Also, a build-up of "visceral" belly fat (the internal kind that envelopes your liver and intestines) can be even worse. This hidden health hazard triggers chronic internal inflammation -- which pro-aging. Worst still, it can also cause heart disease.
Exercise regularly: Aim for a minimum of 30 minutes every day, even if it's just fast-paced walking or doing some yoga. Ideally, you should also work out with weights at least twice a week.
Even if you can only manage something far less strenuous, it all helps. Truth be told, all forms of exercise make your heart stronger and more efficient at pumping blood throughout your body.
Exercise also helps reduce blood pressure. In fact, studies show that regular moderate physical activity (at least twice a week) can reduce your risk of heart disease by up to 40%.
Eat a healthy diet: Choose a diet that's high in fruits, vegetables, fiber, and lean proteins. Avoid one that's full of saturated fat, sugar, and salt (think processed/junk foods).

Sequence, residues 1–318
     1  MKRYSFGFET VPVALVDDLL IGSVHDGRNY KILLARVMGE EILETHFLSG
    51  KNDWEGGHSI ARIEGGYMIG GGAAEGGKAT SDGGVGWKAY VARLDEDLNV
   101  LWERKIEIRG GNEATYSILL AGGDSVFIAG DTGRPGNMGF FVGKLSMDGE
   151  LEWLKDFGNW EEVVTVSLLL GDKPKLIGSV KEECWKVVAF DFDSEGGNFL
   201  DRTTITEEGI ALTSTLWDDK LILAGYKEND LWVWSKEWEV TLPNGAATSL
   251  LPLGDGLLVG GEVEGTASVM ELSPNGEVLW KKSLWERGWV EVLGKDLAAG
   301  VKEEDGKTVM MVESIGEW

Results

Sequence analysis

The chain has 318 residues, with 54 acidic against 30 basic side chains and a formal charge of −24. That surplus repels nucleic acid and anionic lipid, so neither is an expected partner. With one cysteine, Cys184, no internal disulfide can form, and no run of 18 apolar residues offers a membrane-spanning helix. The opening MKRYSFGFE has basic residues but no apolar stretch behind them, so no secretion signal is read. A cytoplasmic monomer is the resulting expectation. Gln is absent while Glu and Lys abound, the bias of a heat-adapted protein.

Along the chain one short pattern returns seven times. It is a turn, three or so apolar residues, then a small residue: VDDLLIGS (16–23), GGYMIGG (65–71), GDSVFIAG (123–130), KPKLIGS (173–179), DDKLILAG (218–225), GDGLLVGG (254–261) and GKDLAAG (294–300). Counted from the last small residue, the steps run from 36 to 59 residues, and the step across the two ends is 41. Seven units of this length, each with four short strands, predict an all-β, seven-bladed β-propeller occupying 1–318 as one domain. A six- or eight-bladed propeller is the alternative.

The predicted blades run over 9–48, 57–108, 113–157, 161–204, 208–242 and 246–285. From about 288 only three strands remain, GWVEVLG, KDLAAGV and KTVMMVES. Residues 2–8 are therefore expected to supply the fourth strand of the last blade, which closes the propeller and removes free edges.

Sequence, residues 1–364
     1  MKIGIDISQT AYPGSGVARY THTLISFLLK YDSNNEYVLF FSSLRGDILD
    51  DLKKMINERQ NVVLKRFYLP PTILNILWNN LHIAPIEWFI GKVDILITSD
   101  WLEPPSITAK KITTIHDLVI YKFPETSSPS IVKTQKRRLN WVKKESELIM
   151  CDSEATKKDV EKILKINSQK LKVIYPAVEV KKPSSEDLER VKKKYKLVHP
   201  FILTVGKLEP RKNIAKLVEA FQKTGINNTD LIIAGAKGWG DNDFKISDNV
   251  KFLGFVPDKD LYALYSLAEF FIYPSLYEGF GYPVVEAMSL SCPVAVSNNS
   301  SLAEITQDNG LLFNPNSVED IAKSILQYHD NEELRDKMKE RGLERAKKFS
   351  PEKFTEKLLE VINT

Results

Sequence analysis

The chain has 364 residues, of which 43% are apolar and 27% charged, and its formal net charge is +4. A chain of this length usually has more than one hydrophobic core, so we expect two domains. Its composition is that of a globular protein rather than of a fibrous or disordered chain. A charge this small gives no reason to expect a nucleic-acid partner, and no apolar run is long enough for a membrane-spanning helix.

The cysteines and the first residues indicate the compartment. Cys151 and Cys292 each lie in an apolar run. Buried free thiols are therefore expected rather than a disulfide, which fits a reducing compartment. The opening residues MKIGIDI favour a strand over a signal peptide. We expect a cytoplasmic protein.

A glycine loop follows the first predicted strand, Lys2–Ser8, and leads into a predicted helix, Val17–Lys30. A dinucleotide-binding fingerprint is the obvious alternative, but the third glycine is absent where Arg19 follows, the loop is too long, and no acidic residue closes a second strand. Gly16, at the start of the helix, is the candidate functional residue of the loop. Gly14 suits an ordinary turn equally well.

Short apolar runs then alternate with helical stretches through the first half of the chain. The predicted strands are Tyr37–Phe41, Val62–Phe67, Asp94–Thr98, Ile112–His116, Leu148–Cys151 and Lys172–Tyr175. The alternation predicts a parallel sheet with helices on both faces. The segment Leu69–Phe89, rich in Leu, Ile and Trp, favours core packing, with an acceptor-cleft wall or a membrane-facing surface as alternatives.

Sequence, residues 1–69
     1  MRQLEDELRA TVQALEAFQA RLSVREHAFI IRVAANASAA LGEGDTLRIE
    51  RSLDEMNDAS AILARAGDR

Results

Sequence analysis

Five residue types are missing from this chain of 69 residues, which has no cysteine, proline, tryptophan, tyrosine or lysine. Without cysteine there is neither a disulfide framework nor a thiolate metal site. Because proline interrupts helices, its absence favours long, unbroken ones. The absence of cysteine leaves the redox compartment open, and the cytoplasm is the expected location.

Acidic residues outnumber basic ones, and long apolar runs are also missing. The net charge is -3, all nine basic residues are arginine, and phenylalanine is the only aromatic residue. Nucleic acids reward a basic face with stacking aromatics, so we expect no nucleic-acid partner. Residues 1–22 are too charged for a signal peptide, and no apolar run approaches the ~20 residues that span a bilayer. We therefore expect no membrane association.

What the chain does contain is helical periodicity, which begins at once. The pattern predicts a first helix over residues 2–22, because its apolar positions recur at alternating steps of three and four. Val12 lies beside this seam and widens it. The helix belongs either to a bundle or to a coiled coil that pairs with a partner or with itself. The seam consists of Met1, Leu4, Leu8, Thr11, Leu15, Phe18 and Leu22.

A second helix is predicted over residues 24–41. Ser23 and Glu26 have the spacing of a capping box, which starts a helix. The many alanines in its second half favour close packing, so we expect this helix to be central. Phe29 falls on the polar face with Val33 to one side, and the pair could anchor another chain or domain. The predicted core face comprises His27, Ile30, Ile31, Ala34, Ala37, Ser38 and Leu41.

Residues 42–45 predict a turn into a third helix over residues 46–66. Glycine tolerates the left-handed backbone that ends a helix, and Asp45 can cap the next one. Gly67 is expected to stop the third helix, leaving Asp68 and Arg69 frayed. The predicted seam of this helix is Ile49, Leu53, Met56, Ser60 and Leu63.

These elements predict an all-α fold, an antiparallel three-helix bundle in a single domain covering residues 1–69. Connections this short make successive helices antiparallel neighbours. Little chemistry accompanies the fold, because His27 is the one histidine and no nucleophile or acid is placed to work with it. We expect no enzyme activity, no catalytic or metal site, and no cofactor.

This will minimize your risk of being weakened by high blood pressure, diabetes, and obesity. All of these conditions should be avoided at all costs as they increase your risk of heart attack and stroke.
Avoid cigarettes: People who smoke cigarettes are two to three times more likely to develop heart disease than non-smokers.
Then there's lung cancer, emphysema, and a whole laundry list of other ills caused by this entirely avoidable and treatable addiction. If you smoke, talk to your doctor about the various options available to assist you in quitting.
In summary, if you want to avoid the threat of becoming unfortunate statistic -- at least not any time soon -- you need to take good care of your hard-working heart.
To achieve this, all you have to do is watch your weight, get some regular exercise, eat healthily, and avoid cigarettes.
Avoiding cardiovascular disease and an eventual cardiac arrest isn't just in your own best interests. You also owe it to your loved ones, too, and anyone else who depends on you -- financially or otherwise. Now take that advice to heart!